This site provides useful practical information related to global and national weather observing practices and instruments, including independent equipment reviews.
You will find much of the background in my book The Weather Observer’s Handbook (published by Cambridge University Press), details of which can also be found on this site, together with useful links and downloads.

Stephen Burt
Author, The Weather Observer’s Handbook

A nation obsessed with the weather? Yes, certainly, but which nation?


Tip of The Day
The traditional method of measuring humidity is by using a pair of matched mercury-in-glass thermometers, known individually as dry-bulb and wet-bulb thermometers and in combination as a dry- and wet-bulb psychrometer. The wet-bulb is a thermometer whose bulb is kept permanently wet using a thin close-fitting cotton cap or sleeve. The wet-bulb is cooled by evaporation, and the difference in temperature between dry-bulb and wet-bulb thermometers is a measure of the humidity of the air. Using tables, an online calculator or formulae, the relative humidity (or any of the other humidity measures) can be quickly and easily determined from simultaneous readings of the two thermometers.
By convention, weather measurements throughout the world are made to a common time standard – Coordinated Universal Time (UTC). For all practical purposes, UTC is identical to Greenwich Mean Time (GMT).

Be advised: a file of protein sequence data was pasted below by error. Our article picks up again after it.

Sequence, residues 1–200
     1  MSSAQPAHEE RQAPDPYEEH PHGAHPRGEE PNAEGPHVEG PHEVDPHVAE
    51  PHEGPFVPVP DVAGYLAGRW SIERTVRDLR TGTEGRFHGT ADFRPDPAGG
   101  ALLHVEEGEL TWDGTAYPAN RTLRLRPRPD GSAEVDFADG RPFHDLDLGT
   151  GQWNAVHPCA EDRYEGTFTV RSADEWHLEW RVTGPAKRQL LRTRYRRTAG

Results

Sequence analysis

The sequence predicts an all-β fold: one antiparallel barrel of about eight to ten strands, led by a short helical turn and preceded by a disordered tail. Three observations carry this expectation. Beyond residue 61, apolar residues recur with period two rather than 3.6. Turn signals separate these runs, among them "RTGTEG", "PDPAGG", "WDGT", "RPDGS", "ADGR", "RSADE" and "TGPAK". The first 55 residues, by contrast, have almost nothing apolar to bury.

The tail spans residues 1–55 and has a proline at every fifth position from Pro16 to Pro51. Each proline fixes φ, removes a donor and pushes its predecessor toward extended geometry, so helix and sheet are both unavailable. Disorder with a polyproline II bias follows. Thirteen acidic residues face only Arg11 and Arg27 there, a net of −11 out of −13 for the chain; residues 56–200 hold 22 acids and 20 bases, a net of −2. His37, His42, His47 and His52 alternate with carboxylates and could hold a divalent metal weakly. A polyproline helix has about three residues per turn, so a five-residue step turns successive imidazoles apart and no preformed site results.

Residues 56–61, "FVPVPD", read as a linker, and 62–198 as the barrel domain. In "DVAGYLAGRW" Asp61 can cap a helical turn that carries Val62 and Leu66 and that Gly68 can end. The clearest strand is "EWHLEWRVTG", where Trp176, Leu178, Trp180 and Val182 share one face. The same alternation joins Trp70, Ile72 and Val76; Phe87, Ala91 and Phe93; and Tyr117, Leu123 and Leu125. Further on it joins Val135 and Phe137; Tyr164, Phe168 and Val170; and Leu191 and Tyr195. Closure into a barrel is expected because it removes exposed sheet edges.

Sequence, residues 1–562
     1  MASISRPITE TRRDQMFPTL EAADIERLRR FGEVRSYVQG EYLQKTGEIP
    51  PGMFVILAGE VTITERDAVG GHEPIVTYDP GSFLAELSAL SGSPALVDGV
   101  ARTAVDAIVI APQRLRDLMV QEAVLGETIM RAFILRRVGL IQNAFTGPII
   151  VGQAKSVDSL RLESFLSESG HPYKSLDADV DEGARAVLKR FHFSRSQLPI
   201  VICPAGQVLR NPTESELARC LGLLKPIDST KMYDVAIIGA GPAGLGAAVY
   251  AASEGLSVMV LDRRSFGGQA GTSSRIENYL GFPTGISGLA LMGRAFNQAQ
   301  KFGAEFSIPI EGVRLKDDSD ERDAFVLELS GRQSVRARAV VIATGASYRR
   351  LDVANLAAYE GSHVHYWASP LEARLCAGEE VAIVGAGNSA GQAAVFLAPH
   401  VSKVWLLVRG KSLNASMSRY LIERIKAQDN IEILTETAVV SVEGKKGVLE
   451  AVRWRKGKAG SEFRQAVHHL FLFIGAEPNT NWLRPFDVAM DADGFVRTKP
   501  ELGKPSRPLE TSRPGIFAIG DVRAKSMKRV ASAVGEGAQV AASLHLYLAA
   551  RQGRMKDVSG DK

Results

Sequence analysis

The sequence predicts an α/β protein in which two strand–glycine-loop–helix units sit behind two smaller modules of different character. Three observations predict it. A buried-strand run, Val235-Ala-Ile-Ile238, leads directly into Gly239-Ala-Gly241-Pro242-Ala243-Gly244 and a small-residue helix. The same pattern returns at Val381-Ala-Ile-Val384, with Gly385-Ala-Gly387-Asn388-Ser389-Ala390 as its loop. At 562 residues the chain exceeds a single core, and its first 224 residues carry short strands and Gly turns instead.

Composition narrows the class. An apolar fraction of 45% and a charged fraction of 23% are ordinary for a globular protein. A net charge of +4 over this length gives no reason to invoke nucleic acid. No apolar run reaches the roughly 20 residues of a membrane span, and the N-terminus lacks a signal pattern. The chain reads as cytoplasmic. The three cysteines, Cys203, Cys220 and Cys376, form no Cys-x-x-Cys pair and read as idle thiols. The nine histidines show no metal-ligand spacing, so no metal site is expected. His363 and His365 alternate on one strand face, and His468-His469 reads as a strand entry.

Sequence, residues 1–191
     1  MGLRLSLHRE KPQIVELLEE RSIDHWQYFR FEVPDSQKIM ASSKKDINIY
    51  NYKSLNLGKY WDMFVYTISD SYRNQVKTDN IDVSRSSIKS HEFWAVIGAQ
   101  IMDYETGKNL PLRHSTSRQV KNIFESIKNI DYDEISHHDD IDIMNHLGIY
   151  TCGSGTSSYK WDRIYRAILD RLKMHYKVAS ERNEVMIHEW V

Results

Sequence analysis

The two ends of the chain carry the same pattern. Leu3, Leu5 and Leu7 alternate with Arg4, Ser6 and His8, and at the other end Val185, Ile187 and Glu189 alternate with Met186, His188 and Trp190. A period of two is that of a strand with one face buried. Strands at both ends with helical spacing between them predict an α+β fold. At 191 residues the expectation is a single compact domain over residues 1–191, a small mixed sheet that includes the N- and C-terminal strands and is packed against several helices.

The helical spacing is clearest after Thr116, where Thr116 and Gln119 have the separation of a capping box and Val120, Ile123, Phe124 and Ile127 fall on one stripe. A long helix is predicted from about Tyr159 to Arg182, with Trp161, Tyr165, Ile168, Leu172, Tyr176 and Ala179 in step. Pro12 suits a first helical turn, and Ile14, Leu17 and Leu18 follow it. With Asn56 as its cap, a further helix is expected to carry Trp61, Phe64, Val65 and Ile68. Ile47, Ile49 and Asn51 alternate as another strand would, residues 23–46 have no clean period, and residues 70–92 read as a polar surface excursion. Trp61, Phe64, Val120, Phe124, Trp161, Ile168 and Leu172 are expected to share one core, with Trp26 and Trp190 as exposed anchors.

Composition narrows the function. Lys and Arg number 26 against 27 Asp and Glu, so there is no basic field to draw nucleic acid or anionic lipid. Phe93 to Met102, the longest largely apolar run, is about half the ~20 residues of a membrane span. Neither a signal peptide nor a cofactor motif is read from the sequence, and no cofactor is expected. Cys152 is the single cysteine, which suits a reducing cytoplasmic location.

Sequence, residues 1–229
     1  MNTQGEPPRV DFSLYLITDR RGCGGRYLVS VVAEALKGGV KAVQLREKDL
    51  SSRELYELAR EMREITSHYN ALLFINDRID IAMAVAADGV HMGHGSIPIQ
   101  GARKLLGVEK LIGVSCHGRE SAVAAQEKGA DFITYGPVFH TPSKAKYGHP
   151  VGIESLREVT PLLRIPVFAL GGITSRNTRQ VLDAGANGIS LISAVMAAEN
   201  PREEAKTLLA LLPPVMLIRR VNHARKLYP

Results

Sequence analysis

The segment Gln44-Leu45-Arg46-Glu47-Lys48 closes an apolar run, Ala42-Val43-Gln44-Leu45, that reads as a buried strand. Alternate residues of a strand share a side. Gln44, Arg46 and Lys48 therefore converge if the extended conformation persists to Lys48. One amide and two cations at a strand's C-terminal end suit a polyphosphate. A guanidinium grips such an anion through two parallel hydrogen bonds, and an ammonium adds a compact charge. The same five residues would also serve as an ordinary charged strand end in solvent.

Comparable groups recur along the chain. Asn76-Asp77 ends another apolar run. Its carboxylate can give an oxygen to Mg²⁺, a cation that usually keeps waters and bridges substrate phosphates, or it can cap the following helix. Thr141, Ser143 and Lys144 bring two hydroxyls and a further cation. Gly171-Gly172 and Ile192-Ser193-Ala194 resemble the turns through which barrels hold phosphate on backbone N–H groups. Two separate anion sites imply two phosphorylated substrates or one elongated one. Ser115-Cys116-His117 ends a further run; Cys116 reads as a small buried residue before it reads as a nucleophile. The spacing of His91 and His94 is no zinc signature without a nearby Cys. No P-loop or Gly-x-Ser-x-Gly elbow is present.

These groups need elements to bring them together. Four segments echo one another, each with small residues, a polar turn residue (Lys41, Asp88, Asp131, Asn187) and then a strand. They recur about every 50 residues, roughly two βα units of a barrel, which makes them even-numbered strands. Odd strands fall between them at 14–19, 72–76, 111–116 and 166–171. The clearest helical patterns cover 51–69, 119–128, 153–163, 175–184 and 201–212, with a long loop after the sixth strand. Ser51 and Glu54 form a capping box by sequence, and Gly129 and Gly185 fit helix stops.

Snowfall is difficult to measure accurately with most types of raingauge, and without some form of wind shield most raingauges will lose 50 per cent or more of the ‘true’ catch through wind errors introduced by the presence of the gauge, which interferes with the flow of the wind over it, causing a loss of some of the catch.
Terminal hours based around ‘day maximum’ and ‘night minimum’ temperatures (where the extremes span only 12 hour periods) will generally give results which are incompatible with ‘24 hour’ sites, particularly in temperate latitudes in the winter months.
The most common measurements made are of sunshine duration, using a sunshine recorder, and global solar radiation on a horizontal surface, using a pyranometer. ‘Sunshine’ is defined in terms of the intensity of a perpendicular beam of solar radiation from the solar disk. The intensity of solar radiation is measured in Watts per square metre (W/m2), and daily totals in Megajoules per square metre (MJ/m2). Sunshine durations are measured in hours, or quoted as a percentage of the maximum possible duration.